Marcos's foes say he must step down if he wants snap elections. Philippine leader revising code in order to hold early elections

The Philippine opposition yesterday welcomed President Ferdinand Marcos's unexpected announcement that he would call for an early presidential election next January, but demanded that he first step down. ``Marcos must resign first,'' said Liberal Party leader Jovito Salonga. The sentiment was echoed by many of Marcos's opponents, including Agapito Aquino, brother of slain opposition leader Benigno Aquino Jr.; former Senator Lorenzo Taada; and member of parliament Cecilia Munoz-Palma.

But the President is not likely to resign from his post. He is instead proposing a decree for inclusion in a new election code now being deliberated in the National Assembly (parliament). According to the decree, he would remain in office ``to prevent a hiatus'' in government from the time he calls special elections to the time the winning candidate is proclaimed. (Under the Philippine Constitution, presidential elections can be called only if the presidential post is vacated -- through the President's resignation, death, or impeachment.)

Mr. Marcos said in an interview on ABC television Sunday that ``if all these childish claims to popularity on both sides have to be settled, I think we'd better settle it by calling an election right now. . . .'' He said he will meet with his party, the New Society Movement, this week to consult on election plans.

Mr. Salonga said the opposition will seek a ``unified stand'' on what step to take should Marcos insist on staying in office. A boycott, however, is ``not being considered,'' he added.

Some quarters in the opposition expressed skepticism about the possibility of an early presidential election. Luis Villafuerte, Marcos's former trade minister and now an opposition member of parliament, said the President ``may backtrack because of the constitutional question, since there is no way for him to run without changing the Constitution.''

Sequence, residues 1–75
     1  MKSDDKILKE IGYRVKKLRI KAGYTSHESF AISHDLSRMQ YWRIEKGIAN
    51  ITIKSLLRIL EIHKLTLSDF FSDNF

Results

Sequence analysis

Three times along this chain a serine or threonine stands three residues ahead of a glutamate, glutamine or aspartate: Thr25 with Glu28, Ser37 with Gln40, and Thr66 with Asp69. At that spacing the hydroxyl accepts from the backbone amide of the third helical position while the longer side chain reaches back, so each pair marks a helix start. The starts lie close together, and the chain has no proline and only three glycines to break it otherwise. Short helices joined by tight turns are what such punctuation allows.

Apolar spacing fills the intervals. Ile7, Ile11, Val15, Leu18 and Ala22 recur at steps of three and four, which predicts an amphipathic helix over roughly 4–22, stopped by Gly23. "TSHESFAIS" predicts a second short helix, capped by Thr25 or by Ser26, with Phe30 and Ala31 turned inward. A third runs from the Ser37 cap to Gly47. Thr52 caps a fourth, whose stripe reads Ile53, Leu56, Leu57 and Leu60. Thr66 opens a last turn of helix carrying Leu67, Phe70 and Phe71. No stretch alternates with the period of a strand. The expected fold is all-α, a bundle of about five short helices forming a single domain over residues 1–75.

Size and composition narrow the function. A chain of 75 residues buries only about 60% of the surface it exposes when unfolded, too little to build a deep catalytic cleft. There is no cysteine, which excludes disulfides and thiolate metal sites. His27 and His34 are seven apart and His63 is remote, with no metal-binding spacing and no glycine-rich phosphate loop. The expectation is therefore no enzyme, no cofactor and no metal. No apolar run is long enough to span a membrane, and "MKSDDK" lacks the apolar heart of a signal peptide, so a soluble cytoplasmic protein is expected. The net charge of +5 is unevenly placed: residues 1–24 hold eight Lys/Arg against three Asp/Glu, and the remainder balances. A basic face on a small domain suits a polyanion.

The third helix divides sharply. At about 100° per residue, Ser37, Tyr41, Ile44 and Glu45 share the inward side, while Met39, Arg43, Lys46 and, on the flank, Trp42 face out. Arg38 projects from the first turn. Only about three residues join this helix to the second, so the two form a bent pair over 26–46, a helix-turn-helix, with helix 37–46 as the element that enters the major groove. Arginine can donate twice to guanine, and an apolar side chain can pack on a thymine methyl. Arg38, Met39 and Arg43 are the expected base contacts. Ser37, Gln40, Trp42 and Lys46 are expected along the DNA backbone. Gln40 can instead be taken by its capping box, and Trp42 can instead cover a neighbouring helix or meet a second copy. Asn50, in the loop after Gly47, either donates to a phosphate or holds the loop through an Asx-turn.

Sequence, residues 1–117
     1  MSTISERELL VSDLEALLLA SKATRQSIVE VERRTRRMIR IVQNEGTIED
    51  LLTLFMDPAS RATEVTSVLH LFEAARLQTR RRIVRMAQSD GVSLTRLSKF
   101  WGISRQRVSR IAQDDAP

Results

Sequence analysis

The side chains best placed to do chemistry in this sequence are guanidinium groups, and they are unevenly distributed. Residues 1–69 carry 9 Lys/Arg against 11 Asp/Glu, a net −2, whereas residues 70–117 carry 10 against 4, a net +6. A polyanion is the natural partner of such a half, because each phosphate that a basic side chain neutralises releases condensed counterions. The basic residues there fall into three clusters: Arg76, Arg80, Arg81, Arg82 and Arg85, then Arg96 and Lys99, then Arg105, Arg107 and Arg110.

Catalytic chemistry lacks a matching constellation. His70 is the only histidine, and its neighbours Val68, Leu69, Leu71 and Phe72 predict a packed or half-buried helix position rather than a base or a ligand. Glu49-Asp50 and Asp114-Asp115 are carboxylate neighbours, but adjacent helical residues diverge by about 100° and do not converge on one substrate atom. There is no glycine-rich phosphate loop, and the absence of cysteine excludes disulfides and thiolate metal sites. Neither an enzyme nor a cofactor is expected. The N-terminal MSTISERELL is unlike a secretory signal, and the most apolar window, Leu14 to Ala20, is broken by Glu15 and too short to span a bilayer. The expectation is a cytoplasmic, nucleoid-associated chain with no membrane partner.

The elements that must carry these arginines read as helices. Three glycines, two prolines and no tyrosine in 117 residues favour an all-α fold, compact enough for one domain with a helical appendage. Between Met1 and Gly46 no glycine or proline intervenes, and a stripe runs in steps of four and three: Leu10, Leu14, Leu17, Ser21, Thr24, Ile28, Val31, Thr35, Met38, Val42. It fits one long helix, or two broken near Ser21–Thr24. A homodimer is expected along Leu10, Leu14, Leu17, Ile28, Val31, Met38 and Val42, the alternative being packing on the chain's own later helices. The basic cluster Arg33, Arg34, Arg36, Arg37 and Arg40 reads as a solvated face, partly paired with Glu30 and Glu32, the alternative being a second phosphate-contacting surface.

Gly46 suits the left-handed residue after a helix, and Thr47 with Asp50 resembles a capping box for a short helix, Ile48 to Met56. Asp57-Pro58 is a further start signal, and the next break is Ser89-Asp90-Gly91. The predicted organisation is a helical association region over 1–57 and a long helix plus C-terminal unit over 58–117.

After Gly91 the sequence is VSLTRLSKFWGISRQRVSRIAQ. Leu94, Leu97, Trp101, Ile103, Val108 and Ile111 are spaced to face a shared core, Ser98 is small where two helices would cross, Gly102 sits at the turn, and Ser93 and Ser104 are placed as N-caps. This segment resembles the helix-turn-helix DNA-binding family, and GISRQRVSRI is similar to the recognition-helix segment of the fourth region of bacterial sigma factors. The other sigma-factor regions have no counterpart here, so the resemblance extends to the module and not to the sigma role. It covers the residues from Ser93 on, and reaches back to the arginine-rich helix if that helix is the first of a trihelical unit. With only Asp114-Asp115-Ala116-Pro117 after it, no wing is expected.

Agapito Aquino said, ``Marcos may just be testing the waters to find out how organized the opposition is, but he's stacking the cards in his favor.''

Deputy Prime Minister Jose Rono, on the other hand, said that the opposition provoked Marcos into considering early elections. ``We're just calling the bluff of the opposition.''

Marcos's announcement Sunday came two weeks after he said on ABC's ``Nightline'' that a snap presidential election has been rejected by the people because there would be nothing to gain. Presidential elections were to be held in 1987 and local elections in 1986.

The unexpected presidential announcement is forcing the hand of Corazon (Cory) Aquino, widow of Senator Benigno Aquino Jr.

Mrs. Aquino said last month that she would run for president only in case of snap elections and if the draft-Cory-Aquino-for-President movement collects 1 million signatures. So far, the movement, organized last month, has collected some 200,000 signatures, according to its officers.

Mrs. Aquino has refused to comment on Marcos's latest announcement, but Ms. Munoz-Palma (who met with her yesterday) said Mrs. Aquino is still awaiting the fulfillment of the two conditions she has set for her candidacy.

``Everything is uncertain as of yet,'' Mrs. Aquino reportedly said.

Also at issue in this latest development is the leadership succession -- a key concern of the United States government as well as of the Philippine opposition. Marcos reportedly said he did not want to include a vice-presidential candidate in the election. The Philippines has been without a vice-president and successor-designate since the imposition of martial law in 1972.

``If limited to the presidency alone, we'll be faced with the same problem,'' said political activist Teofisto Guingona.

Many Filipinos cite as reasons for President Marcos's apparent change of heart his declining health and US pressure for early elections.

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